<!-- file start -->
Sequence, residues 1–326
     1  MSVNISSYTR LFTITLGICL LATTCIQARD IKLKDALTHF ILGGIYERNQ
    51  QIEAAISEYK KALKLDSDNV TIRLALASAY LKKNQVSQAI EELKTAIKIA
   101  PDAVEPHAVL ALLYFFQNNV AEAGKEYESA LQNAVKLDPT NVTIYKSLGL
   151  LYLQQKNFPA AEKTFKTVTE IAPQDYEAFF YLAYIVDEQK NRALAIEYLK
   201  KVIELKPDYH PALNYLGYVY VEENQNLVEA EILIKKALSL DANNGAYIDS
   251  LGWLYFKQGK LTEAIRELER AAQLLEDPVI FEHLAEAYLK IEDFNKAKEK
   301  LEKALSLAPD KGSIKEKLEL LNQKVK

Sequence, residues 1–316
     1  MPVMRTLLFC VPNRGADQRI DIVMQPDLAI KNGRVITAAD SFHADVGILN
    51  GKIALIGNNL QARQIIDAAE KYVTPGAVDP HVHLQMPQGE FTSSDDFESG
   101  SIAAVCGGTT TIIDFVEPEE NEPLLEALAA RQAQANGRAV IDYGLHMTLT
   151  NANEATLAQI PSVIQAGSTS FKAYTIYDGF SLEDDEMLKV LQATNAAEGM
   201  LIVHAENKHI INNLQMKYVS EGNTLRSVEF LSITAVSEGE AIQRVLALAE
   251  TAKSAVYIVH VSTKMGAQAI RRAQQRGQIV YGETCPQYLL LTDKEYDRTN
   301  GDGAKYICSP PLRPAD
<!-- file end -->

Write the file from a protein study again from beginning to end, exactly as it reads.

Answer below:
Sequence, residues 1–326
     1  MSVNISSYTR LFTITLGICL LATTCIQARD IKLKDALTHF ILGGIYERNQ
    51  QIEAAISEYK KALKLDSDNV TIRLALASAY LKKNQVSQAI EELKTAIKIA
   101  PDAVEPHAVL ALLYFFQNNV AEAGKEYESA LQNAVKLDPT NVTIYKSLGL
   151  LYLQQKNFPA AEKTFKTVTE IAPQDYEAFF YLAYIVDEQK NRALAIEYLK
   201  KVIELKPDYH PALNYLGYVY VEENQNLVEA EILIKKALSL DANNGAYIDS
   251  LGWLYFKQGK LTEAIRELER AAQLLEDPVI FEHLAEAYLK IEDFNKAKEK
   301  LEKALSLAPD KGSIKEKLEL LNQKVK

Sequence, residues 1–316
     1  MPVMRTLLFC VPNRGADQRI DIVMQPDLAI KNGRVITAAD SFHADVGILN
    51  GKIALIGNNL QARQIIDAAE KYVTPGAVDP HVHLQMPQGE FTSSDDFESG
   101  SIAAVCGGTT TIIDFVEPEE NEPLLEALAA RQAQANGRAV IDYGLHMTLT
   151  NANEATLAQI PSVIQAGSTS FKAYTIYDGF SLEDDEMLKV LQATNAAEGM
   201  LIVHAENKHI INNLQMKYVS EGNTLRSVEF LSITAVSEGE AIQRVLALAE
   251  TAKSAVYIVH VSTKMGAQAI RRAQQRGQIV YGETCPQYLL LTDKEYDRTN
   301  GDGAKYICSP PLRPAD